Part II: Increasing profitability--Specialized equipment brings in the dollars
Not too long ago, grounds managers had no skid-steer loaders, spin trimmers, bed edgers, intermediate walk-behind mowers or backpack blowers to perform their jobs. So what did those maintenance crews of the past do without this equipment? They worked harder and longer. Today, however, specialized equipment-such as the skid-steer loaders, spin trimmers and bed edgers previously mentioned-is a regular part of a grounds-care manager's arsenal. Today, you have plenty of tools from which to choose. Some of the newer time-savers include dozens of backhoe and loader accessories, water-injection aerators, stump grinders, directional-boring machines and compact utility loaders.
When Grounds Maintenance asked some of its readers which pieces of recently purchased equipment they've found to be real time- or labor-savers, their answers varied. In fact, judging from the variety of their responses, the definition of what constitutes "specialized equipment" depends on the unique (and laborious) tasks faced by grounds-maintenance managers.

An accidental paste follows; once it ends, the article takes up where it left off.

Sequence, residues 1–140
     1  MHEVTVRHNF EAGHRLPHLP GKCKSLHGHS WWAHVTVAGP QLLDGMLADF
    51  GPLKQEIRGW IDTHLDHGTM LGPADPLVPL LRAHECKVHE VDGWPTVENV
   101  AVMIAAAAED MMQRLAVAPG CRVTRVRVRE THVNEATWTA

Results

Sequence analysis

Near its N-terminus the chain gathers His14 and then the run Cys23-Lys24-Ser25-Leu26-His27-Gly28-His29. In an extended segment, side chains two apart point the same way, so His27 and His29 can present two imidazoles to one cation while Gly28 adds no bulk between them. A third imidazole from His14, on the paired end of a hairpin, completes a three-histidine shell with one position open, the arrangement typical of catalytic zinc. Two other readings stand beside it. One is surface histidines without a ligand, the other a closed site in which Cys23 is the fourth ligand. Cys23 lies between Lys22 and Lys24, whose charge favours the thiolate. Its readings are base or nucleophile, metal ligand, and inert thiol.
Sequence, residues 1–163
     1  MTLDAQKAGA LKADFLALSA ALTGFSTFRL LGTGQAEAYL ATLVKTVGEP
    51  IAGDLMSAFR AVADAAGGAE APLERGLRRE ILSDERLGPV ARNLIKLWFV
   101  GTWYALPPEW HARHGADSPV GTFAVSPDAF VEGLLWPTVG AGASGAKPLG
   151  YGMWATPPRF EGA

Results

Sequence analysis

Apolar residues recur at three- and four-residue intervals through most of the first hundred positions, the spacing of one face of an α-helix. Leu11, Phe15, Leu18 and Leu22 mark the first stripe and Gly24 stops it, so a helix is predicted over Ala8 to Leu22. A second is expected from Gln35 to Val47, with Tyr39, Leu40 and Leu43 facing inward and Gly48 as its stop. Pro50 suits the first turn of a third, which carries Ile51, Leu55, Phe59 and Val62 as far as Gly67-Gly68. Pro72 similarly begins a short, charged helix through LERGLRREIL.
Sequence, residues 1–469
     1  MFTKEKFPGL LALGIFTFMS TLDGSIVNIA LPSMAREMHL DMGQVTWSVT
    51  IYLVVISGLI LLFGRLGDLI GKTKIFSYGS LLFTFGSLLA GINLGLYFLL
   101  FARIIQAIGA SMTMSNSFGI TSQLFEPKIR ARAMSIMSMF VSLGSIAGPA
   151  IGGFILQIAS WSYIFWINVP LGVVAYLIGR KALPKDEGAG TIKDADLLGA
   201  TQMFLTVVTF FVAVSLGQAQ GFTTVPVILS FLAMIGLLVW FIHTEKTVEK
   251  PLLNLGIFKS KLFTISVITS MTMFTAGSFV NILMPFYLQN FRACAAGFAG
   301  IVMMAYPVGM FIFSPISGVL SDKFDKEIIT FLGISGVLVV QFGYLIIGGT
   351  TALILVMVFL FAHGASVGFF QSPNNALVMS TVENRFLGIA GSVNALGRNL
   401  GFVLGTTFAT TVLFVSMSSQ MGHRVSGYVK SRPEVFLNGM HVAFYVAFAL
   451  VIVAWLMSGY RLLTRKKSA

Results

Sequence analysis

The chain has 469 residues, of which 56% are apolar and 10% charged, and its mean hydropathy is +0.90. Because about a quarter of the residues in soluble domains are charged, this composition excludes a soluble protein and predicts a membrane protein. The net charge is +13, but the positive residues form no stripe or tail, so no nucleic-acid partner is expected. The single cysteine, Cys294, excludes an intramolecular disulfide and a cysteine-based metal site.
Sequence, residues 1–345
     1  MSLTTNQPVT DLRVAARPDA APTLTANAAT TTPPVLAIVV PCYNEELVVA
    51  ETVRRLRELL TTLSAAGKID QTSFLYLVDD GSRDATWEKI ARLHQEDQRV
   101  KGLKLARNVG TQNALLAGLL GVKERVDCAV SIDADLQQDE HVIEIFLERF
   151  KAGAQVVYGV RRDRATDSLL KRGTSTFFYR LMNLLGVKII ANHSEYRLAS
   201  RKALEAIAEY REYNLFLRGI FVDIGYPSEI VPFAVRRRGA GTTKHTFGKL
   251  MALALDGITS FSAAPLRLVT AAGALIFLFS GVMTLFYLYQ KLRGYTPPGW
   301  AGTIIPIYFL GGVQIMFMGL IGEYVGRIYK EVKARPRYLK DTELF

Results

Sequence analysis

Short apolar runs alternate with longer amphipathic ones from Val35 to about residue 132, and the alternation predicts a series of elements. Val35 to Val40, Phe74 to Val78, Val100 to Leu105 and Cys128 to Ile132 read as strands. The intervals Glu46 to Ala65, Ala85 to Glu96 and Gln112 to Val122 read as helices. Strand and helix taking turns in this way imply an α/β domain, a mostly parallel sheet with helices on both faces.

Saving time on the golf course When the grounds crews at The New Course at Albany, N.Y., aerate greens, they use a core harvester. This machine has helped mechanize a job that previously required a lot of hand labor, says Scott Gallup, superintendent and president of the Northeastern Golf Course Superintendents Association (Latham, N.Y.). The core-harvester attachment pulls behind a utility vehicle and incorporates a V-scoop and conveyor-belt system. Gallup says this unit allows an operator to clean a green in 15 minutes. "Even though we might only aerify greens once or twice a year, when we [previously] did it [without the machine], it was a three-or-four man job using snow shovels to get all of the plugs off the greens," Gallup explains. Once you've used a core-harvester unit, Gallup says, "You'll never be without one."